Internet en Cuba

Posted on Sun, Jun. 24, 2007

Castro: If youth fail, everything will
Associated Press Writer

Fidel Castro reached out to Cuban youth on Sunday, warning that "If the
young people fail, everything will fail" in an acknowledgment that
motivating Cubans too young to remember his 1959 revolution is often a

New generations of Cubans, unlike the 80-year-old Castro and his
gray-haired contemporaries, have no direct connection to the guerrilla
uprising that toppled dictator Fulgencio Batista. Officials say their
communist system will nonetheless long survive its founders – and little
has changed on the island since Castro handed power to a provisional
government headed by his brother while he recovers from a serious illness.

But these days, many young Cubans are more interested in access to the
Internet, music, television and movies than upholding revolutionary ideals.

"None of you were alive when the Revolution triumphed," Castro wrote in
a letter to the Communist Youth Union. "Its roots were sustained in
every act of sacrifice and heroism of an admirable people, who knew how
to confront all obstacles."

He went on to write: "If the young people fail, everything will fail. It
is my profound conviction that the Cuban youth will fight to stop that.
I believe in you."

Castro has not appeared in public for almost 11 months, since emergency
intestinal surgery forced him to cede power to his 76-year-old brother Raul.

His letter, which appeared in the Communist Party youth newspaper
Juventud Rebelde and was read on state-run television, came in response
to an optimistic letter the youth union sent to their "Commander in Chief."

"The young people of this land believe, with profound conviction, in the
free and sovereign future of Cuba; in the preservation of the work of
art we built and the happiness of revolutionaries now and forever," the
union wrote.

Many other young Cubans are unconvinced – and the government's answer
has been the "Battle of Ideas," a catch-phrase for efforts to win them
over through improvements in education, housing, health care and the
everyday quality of life.

The program began by training troubled youths to be teachers and social
workers and rebuilding dilapidated homes, schools and hospitals. It has
since expanded to Cubans of all ages and includes efforts to improve
hurricane tracking systems, train Olympic athletes and build
multipurpose theaters in every town.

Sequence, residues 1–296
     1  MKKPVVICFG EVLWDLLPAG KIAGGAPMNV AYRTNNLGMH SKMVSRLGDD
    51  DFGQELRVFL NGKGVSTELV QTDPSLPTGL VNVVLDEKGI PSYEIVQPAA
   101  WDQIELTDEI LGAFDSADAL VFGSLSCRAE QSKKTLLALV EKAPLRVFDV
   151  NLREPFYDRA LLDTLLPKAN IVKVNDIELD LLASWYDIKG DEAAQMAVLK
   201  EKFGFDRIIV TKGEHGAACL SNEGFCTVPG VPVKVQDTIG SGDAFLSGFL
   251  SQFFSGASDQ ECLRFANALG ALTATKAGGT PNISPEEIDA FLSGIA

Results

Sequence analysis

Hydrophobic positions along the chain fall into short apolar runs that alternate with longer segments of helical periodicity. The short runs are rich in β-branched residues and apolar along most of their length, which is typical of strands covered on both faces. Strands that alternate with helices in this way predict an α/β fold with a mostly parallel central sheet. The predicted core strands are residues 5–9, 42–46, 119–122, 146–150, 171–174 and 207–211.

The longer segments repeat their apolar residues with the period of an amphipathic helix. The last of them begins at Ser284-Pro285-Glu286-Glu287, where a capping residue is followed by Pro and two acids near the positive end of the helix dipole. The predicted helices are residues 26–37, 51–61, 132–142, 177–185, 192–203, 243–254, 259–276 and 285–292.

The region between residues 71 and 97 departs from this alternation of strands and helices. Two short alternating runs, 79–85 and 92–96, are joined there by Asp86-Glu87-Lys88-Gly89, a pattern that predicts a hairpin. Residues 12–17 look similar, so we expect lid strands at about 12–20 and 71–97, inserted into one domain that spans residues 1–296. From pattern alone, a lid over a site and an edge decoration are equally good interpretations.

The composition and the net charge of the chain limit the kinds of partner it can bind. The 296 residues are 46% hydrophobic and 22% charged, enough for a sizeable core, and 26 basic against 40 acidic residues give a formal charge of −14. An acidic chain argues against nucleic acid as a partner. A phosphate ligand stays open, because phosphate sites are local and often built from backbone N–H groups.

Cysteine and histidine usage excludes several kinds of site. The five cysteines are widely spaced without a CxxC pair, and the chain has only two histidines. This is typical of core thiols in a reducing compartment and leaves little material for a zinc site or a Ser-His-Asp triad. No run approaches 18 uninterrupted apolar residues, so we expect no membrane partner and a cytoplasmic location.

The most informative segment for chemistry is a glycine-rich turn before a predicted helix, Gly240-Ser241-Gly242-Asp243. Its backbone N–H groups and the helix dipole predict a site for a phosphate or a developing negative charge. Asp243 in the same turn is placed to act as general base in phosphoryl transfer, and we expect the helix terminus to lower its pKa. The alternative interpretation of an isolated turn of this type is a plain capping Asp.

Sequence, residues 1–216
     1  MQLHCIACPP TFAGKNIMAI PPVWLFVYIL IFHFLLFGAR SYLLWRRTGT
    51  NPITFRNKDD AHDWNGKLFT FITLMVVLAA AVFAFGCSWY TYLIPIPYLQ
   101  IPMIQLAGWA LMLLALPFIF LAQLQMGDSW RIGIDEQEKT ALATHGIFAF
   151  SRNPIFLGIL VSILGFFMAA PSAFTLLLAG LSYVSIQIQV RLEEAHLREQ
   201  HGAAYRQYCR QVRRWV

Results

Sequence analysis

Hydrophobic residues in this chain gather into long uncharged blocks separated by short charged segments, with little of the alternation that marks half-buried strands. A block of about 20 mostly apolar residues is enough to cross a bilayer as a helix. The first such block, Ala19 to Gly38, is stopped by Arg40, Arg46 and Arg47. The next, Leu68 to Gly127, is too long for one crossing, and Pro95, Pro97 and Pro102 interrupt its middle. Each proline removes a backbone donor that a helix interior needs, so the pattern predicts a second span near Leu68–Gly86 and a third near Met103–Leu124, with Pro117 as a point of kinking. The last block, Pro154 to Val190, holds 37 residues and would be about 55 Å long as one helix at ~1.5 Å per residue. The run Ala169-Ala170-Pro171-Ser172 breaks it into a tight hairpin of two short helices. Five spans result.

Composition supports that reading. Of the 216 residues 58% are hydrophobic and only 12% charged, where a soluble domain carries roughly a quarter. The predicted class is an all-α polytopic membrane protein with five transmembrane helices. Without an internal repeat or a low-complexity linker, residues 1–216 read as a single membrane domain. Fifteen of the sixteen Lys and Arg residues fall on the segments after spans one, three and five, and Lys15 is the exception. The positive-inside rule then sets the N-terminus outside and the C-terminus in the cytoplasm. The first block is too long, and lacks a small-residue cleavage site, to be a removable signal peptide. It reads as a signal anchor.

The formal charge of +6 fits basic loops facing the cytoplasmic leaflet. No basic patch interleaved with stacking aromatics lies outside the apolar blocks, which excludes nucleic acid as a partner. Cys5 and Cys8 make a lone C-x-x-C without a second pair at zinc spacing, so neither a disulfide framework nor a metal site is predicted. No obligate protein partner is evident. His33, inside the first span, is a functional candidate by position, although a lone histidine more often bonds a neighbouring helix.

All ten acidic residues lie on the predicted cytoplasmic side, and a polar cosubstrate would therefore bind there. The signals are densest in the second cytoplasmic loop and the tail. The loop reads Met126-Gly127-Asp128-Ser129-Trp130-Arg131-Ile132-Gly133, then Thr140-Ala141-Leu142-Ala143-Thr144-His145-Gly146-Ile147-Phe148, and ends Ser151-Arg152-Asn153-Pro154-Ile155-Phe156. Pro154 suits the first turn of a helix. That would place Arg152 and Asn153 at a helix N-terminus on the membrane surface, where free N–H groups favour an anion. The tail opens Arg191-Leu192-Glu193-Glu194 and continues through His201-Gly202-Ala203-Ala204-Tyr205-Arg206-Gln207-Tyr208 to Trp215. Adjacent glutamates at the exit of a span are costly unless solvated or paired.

Damian Fernandez, a Cuban-American academic, says the initiative is an
acknowledgment by the Cuban government that it needs to deliver tangible

"Symbolic politics aren't enough anymore," said Fernandez, head of the
Cuban Research Institute at Miami's Florida International University.
"Arroz and frijoles politics is what they need," he said.

Those "rice and beans" results include hundreds of refurbished medical
facilities, thousands of new teachers and cultural offerings such as
book and video clubs.

Still, it's not hard to find teenagers who say such things are not enough.

"The Battle of Ideas has nothing to do with change. It is the opposite,"
said Francisco Hernandez, a 22-year-old English major at the University
of Havana who described Cuba's communism as "broken" and complained of
gaping income gaps.

"Some people have money, some people can travel. Some people can live in
big houses and eat in restaurants," he said in slow but near flawless
English. "The rest of us can do none of that."

Other Cuban officials have acknowledged this frustration. Cabinet
Secretary Carlos Lage said as much in April when he told communist youth
leaders that the current system is "not as ideal as the one we wished
for, or achieved years ago."

"We always knew the biggest challenge … is to instill in young people
a communist conscience and rejection of capitalism, without having lived
in it, without having seen the moral damage it produces," Lage said.

Luis Fernandez, a finance director at Havana's Fructuoso Rodriguez
Orthopedic Hospital, said he is grateful that his 60-year-old facility
was among 84 hospitals and 500 clinics renovated as part of the Battle
of Ideas. On a recent Saturday, patients filled the air-conditioned
waiting room and many areas still smelled of new paint, though the power

"It was terrible here before," he said. "There were almost no windows,
the electric system practically didn't work."

But a lack of basic freedoms outweigh benefits like free university
education, said Maria, a philosophy student at the University of Havana
who feared getting thrown out of school if her surname was published.

"Battle of Ideas? That's just politics," said the 18-year-old. "It
doesn't help us."

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